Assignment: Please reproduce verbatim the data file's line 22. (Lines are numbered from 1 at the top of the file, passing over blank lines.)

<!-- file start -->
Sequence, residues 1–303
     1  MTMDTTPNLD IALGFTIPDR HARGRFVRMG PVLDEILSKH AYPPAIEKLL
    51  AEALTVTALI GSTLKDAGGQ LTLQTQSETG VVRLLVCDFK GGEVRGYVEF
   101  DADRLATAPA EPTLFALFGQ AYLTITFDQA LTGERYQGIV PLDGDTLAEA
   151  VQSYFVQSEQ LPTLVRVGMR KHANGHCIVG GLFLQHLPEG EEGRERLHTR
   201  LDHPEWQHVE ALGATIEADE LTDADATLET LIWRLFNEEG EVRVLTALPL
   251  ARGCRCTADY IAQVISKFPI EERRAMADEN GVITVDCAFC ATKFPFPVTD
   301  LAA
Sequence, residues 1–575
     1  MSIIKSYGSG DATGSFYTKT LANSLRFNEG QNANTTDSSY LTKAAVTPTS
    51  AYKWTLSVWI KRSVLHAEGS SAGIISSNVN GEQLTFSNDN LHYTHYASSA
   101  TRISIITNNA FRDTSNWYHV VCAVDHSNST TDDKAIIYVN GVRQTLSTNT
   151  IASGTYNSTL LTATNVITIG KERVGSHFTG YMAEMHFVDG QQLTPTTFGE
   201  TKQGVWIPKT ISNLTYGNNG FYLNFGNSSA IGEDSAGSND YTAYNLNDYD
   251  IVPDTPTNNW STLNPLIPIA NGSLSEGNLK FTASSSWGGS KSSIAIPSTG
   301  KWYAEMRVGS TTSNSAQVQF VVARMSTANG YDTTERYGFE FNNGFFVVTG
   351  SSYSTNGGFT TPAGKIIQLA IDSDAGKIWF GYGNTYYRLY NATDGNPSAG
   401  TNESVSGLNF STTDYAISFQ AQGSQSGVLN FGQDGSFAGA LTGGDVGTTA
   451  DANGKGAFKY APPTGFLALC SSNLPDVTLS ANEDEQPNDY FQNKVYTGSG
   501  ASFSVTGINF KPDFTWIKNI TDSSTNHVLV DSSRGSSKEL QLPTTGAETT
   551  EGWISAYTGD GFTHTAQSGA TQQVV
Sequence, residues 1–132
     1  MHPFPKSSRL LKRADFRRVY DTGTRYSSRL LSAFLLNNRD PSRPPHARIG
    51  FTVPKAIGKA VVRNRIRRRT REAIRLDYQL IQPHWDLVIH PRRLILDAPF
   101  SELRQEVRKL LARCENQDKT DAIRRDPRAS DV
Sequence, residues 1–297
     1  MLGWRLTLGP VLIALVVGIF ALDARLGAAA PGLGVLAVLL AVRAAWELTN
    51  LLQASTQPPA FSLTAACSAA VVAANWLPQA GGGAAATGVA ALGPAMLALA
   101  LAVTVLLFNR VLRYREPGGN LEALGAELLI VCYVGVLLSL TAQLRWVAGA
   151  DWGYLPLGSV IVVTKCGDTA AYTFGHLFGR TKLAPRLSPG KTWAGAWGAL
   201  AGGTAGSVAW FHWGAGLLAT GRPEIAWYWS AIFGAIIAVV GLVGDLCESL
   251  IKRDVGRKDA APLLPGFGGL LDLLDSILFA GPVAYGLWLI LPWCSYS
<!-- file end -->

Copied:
Sequence, residues 1–132